Revered civil rights leader the Rev. Martin Luther King has joined the pantheon of America’s greatest — Washington, Lincoln, Jefferson — with the dedication of his memorial in Washington, D.C.
There was an informal unveiling on Aug. 26, but Hurricane Irene's raking of the Eastern Seaboard delayed the long-anticipated formal dedication from then until Oct. 16. Ceremonies today, including a speech by President Barack Obama, completed the official process.
King confidant and former U.N. Ambassadore Andrew Young told Newsmax magazine why Dr. King's dream must never die:
In August 1963, Dr. Martin Luther King, stood on the steps of the Lincoln Memorial to present his historic “I Have a Dream” speech, and began by predicting that gathering would go down as “the greatest demonstration for freedom in the history of America.”
Almost 50 years later, the nation marks another milestone in the struggle for equal rights: The unveiling of the Martin Luther King Memorial, commemorating the life and work of America’s great civil rights champion, in the nation’s capital.
Sadly, even many in the civil rights movement still lack a clear understanding of precisely what my dear friend, colleague, and mentor Dr. King was trying to achieve.
Story continues below video of an exclusive Newsmax interview recorded before the original dedication date and its postponement.
Of course, in his speech he called on America to live up to the “promissory note” written by its Founders, one of life, liberty, and pursuit of happiness for all. But I believe the ultimate meaning of Martin’s life transcends even that noble purpose. I believe history will show Martin’s greatest legacy was in how he fought for that goal through moral suasion rather than violent confrontation.
Some forget that Martin’s guiding ethos was Christian. As such, it was spiritual and nonracial. Martin believed that America had a responsibility to show the world how to resolve problems without resorting to violence. And so he transcended the traditional role history has assigned him, as a civil rights leader representing African-Americans.
He was that, to be sure. But on a broader dimension, his life blazed a path of peaceful nonviolence. It is, I believe, an example the rest of the world’s people can — and must — follow, irrespective of race.
One reason nonviolence is so important in America is that our nation was founded on dissent. The Founders dissented not only from the king, but also from one another. Thomas Jefferson and Alexander Hamilton, for example, hated each other.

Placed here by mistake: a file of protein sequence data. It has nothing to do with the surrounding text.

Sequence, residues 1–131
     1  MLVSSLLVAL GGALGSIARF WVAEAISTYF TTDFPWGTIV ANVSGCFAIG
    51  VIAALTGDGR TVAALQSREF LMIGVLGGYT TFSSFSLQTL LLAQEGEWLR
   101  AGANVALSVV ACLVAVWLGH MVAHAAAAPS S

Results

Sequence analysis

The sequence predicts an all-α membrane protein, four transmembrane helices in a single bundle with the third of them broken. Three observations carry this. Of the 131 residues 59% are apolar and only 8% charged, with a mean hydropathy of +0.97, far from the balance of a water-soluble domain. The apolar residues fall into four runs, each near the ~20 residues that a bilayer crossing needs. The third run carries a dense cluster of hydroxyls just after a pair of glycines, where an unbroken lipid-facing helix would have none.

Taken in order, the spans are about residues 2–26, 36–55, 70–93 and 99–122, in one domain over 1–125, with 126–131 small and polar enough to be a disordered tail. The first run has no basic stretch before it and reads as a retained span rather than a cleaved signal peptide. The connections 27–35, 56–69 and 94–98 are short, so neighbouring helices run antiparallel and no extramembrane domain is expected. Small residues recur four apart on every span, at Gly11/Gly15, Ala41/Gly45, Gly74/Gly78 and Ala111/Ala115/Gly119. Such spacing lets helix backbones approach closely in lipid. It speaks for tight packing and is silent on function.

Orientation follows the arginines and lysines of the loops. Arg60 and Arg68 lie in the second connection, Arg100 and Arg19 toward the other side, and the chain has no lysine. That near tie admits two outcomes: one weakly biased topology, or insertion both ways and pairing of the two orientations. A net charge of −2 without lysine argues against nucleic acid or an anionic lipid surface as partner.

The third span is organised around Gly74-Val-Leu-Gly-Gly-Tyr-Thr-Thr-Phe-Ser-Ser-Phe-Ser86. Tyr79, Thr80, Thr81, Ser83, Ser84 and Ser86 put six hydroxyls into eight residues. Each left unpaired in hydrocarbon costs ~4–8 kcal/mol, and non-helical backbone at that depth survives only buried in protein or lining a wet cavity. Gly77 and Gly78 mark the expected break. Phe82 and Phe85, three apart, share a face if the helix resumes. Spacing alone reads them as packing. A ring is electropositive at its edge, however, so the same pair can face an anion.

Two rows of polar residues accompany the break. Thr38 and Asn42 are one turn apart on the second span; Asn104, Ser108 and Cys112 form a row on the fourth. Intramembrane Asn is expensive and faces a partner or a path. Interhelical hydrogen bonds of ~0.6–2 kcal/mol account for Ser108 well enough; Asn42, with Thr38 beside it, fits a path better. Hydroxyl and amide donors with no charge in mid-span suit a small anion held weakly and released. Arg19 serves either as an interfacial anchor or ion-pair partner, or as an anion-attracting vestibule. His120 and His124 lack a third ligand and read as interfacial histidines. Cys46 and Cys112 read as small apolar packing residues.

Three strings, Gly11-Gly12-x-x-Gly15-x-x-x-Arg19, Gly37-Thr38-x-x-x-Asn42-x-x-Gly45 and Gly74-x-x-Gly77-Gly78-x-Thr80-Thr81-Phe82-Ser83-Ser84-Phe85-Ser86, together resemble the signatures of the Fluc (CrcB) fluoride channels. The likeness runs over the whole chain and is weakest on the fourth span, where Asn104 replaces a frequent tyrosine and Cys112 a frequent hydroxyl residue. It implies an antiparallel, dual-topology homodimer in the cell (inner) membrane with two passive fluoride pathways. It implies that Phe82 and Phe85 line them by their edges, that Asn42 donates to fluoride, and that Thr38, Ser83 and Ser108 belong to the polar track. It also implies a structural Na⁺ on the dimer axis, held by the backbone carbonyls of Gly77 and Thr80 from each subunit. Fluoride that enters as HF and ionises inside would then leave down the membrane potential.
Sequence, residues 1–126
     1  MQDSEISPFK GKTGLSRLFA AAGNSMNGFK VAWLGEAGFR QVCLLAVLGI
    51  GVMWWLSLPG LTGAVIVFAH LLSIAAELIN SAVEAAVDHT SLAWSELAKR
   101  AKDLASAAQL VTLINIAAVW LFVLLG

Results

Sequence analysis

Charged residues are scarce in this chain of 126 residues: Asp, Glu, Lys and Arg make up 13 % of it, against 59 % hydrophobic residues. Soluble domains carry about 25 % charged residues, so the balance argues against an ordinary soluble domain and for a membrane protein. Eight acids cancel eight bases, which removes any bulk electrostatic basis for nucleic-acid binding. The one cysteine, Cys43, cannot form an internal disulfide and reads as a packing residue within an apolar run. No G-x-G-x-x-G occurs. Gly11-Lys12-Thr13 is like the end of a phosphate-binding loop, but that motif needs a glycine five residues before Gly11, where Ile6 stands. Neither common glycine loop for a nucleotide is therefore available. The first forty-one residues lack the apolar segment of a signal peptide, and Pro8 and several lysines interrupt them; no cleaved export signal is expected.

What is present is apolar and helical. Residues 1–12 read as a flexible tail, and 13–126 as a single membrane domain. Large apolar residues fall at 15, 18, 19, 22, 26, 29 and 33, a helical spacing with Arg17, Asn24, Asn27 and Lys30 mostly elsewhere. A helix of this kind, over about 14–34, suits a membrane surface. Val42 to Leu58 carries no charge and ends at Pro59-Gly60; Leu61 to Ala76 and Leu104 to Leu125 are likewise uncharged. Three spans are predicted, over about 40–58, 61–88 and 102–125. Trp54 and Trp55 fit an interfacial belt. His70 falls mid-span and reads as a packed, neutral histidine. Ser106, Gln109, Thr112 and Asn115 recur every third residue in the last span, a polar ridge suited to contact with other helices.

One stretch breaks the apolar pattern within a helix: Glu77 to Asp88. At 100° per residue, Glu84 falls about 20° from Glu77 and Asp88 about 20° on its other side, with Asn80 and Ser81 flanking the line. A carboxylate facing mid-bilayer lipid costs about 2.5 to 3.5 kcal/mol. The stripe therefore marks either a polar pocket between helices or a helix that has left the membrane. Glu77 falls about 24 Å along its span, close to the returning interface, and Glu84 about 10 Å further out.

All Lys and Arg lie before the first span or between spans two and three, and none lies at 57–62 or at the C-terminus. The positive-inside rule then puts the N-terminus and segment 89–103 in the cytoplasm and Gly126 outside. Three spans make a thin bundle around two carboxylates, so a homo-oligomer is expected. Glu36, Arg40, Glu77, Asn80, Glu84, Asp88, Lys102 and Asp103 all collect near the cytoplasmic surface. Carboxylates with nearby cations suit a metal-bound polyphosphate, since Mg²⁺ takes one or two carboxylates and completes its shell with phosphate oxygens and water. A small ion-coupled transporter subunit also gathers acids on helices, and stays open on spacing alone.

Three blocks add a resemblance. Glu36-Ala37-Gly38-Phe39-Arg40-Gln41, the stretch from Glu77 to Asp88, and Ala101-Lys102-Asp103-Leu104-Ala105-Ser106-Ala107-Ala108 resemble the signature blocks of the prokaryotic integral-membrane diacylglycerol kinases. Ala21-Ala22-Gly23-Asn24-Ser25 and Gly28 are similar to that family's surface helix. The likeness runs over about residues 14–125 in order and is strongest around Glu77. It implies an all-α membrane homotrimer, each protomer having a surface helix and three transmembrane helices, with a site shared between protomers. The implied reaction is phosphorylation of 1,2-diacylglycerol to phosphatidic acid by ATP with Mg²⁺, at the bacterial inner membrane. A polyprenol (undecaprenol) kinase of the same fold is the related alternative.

But in a sense, both were right.
Despite his great intellect, Jefferson never could balance the books on his plantation. Hamilton, by contrast, was raised in a grocery store in the West Indies. He had been dealing with economics since he was 6 years old, so he knew the importance of trade, tariffs, and treaties. Jefferson conceived of a Democracy without economics, and you can’t have democracy without economics.
Had Jefferson completely prevailed over Hamilton, I shudder to imagine the consequences. George Washington, John Adams, James Madison, and Ben Franklin created a balanced dialogue that led to the greatest nation in human history. As the intellectual descendants of those cantankerous colonials, we should recognize that dissent in in our blood.
Hearing a great diversity of voices is critical to our democracy. What Martin taught was the wisdom of expressing dissent peacefully, to thereby ensure the sweet fruit of liberty is redemptive, rather than bitter and venomous.
As Martin’s memorial is unveiled . . . some of my recollections will be deeply personal. Everyone pictures Martin on the platform, his arm outstretched before hundreds of thousands.
But there was another side to the civil rights struggle. That was captured in the famous photograph of Martin and me as we waited for a flight at the Montgomery, Ala., airport, frustrated by a long delay due to a canceled flight.That is such a great picture because it captures the 15 lonely, suffering years leading up to his famous speech at the Lincoln Memorial.
We should never forget the years of adversity that led to that brighter day. In my new book, I say that I would have taken a bullet for Martin. I knew God had chosen Martin to lead us.
Martin was the voice, the spirit, and brains of the movement. He would frequently tell me: “Everybody’s going to die. And nobody can decide when they die, or how they die. The only choice you have is what you die for. And you have to begin living for what you’re going to die for, because it’s so easy to die for nothing.”
As we dedicate his memorial, we should consider Martin’s example.
For what Americans choose to livefor will have profound consequences for the entire globe. As themrecent uprisings in the Middle East demonstrate, what affects one of us, affects us all.
In the years ahead, we must create a means for democracy to work for all the world’s citizens. In other words, we must reconcile the soaring rhetoric of Jefferson with the temporal economics of Alexander Hamilton.
As someone who marched alongside Martin and shared his struggle, I’ve often pondered what it means for his statue to now stand in the nation’s capital along with those of America’s greatest presidents. I believe it is merely coincidental that Dr. Martin Luther King happened to be African-American. More significantly, is that he showed us how to resolve our differences through nonviolence.
And in that sense Martin’s work — and ours — has only just begun.
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